About five years ago a critical decision was made in California, independent of the discussions about possible mandates nationwide to combat childhood obesity.Â The California legislature passed initiatives meant to crackdown on specific food items being offered in school vending machines and school lunch programs.Â Over ten years ago, soft drinks in California elementary schools were banned, and shortly thereafter, they were also banned in high schools.Â In 2007, nutrition standards were set for "competitive foodsâ€ť offered in schools, in vending machines and elsewhere on campus.Â A meet this standard and limit was set for the amount of fat, sugar and calories that could be offered in these competitive foods, if they were sold on school premises.
Now a new study, looking at the impact of these changes indicates, that it does seem that bans and regulations can indeed modify teen eating behaviors.Â The average California high school student has cut about 160 calories, or a snack size bag of chips, from their diet since these changes.Â Researchers know that cutting out 150-200 calories/day from a teenâ€™s diet can help to prevent long term excess weight gain, and therefore risk of developing obesity. And it was noted that despite the lowered calorie intake at school, teens did not appear to be eating more to make up for the calorie deficit, outside of school. Â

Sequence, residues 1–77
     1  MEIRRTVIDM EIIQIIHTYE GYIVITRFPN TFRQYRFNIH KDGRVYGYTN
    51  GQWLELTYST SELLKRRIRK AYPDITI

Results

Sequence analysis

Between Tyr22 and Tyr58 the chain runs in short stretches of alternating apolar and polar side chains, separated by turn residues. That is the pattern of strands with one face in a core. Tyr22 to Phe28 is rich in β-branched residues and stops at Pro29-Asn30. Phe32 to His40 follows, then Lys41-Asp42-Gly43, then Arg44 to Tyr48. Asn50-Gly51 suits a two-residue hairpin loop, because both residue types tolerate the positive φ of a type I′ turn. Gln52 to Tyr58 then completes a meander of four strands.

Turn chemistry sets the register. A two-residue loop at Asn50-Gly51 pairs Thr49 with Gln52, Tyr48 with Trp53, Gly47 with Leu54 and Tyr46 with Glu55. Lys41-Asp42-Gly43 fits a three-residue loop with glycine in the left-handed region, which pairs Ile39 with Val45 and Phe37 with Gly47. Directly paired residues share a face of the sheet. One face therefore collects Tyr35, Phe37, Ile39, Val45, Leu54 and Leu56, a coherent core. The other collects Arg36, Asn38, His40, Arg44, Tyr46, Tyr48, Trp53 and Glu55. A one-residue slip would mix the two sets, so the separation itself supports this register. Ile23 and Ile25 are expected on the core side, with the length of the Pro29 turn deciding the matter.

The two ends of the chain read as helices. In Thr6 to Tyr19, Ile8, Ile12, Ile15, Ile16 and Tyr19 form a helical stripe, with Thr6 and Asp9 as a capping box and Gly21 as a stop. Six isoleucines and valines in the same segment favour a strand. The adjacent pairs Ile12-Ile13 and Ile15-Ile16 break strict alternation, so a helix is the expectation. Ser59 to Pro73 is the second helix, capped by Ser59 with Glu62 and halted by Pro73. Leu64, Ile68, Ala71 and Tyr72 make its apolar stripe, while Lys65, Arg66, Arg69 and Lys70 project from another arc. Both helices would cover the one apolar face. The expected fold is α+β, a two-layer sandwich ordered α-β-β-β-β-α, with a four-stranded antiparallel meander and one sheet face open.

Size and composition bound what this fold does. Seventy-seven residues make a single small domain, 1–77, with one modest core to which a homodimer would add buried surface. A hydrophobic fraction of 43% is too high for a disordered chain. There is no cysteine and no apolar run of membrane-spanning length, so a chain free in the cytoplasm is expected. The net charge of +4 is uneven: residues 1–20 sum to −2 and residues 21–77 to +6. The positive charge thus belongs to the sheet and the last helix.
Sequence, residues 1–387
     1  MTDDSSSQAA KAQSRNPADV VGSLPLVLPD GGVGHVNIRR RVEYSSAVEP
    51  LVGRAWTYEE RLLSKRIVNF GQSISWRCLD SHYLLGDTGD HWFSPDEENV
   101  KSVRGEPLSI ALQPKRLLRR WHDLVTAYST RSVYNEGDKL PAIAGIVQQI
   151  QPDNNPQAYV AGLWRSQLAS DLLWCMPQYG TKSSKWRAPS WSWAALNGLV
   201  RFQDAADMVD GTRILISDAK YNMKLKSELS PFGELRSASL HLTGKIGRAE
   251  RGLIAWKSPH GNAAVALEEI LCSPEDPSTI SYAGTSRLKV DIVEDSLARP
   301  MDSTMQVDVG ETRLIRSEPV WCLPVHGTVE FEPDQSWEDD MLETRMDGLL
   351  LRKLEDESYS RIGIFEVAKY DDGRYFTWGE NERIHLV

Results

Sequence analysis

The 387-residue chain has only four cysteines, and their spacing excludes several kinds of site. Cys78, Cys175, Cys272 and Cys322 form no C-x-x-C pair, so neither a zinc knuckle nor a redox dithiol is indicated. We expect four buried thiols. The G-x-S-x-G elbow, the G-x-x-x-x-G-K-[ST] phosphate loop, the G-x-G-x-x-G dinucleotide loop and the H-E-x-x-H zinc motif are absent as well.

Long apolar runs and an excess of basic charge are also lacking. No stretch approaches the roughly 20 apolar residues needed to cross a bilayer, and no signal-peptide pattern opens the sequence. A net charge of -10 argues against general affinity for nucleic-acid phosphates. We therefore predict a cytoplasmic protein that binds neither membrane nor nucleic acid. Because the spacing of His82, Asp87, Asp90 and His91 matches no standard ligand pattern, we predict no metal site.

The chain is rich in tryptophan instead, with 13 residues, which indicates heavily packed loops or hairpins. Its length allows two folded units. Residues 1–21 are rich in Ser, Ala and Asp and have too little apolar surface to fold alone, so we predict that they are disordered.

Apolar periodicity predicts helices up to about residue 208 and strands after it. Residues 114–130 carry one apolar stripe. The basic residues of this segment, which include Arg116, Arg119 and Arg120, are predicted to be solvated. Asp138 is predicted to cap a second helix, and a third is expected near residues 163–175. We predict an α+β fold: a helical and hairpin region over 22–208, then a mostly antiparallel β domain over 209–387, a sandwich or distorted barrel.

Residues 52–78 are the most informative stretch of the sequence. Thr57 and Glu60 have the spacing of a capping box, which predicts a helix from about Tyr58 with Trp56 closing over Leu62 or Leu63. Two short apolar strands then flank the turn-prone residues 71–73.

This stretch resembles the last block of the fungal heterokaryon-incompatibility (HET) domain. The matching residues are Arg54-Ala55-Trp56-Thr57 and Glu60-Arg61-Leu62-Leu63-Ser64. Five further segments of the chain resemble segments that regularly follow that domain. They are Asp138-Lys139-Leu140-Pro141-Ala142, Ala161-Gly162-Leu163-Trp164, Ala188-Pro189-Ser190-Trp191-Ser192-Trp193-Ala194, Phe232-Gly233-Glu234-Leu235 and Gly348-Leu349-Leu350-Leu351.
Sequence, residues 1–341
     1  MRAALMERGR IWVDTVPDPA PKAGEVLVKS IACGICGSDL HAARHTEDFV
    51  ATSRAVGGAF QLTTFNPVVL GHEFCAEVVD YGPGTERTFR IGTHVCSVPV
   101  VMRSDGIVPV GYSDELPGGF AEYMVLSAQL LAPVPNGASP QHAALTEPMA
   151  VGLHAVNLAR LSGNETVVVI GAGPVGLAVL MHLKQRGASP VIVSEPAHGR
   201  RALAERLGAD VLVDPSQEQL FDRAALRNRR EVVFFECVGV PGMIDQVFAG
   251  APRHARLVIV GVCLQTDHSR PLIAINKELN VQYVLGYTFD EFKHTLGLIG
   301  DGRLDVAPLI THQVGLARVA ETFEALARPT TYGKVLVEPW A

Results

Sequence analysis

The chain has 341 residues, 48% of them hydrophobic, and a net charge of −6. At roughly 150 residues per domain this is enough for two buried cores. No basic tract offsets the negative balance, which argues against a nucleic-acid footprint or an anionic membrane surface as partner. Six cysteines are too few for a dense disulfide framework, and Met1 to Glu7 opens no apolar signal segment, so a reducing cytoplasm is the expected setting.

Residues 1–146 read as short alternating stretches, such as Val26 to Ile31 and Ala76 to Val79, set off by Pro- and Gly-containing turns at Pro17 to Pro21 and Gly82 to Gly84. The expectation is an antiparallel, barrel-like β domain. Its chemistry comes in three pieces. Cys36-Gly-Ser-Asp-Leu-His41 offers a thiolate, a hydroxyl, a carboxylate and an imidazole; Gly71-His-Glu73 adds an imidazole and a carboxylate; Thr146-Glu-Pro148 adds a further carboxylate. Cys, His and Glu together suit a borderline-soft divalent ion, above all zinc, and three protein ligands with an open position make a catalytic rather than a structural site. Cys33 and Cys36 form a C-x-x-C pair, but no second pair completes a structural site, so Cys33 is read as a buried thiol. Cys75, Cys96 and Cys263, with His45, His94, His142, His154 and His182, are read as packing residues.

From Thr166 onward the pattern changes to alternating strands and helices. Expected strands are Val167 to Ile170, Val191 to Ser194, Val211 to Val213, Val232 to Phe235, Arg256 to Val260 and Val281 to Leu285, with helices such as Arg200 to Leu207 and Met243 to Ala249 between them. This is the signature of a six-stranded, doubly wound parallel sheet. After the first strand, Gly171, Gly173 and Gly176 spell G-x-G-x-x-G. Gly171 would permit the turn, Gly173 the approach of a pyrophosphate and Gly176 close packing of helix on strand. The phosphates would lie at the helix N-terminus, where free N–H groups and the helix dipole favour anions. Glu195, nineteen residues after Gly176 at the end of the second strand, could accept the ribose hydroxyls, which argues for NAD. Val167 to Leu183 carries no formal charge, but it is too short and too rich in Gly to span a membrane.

To clarify the impact of the 2007 food rules, researchers looked at a group of students exposed to these these new food guidelines in their school, and a different group of students who attend schools in states where this competitive food quality control was not taking place.Â The study noted that California teens got 21.5% of their daily calories from school food; the students in schools outside of California got 28.4% of their calories from school food.Â The researchers were especially happy to see the positive change of a reduction of calories consumed by Hispanic students living in California and attending schools with this ban in place, since the Hispanic community in particular has been hit hard by obesity and diabetes.Â Still, experts note that there is much to be done, since junk food is still quite prevalent in the lives of teens.Â Iowa is way ahead of the pack in terms of noteworthy school food changes.Â In 2010 the state mandated that at least â€śhalf the competitive foodâ€ť in schools be rooted in whole grains.Â Right now, Iowa stands alone in its commitment to swapping out junk food for healthy options on school premises.
The bottom line opinion of experts is that improving the quality of school foods is just one battle in the fight against childhood obesity.Â This disease is a complex health problem and each contributing part of the pie needs to step up and help, by making necessary changes, and that includes parents, media, advertising, urban planning, supermarkets, food manufacturers, parents and health professionals, insurance and government policy makers.
Would you want to see these changes in your child's school?
Would you also try to bring these changes to your own home?
Published On: May 15, 2012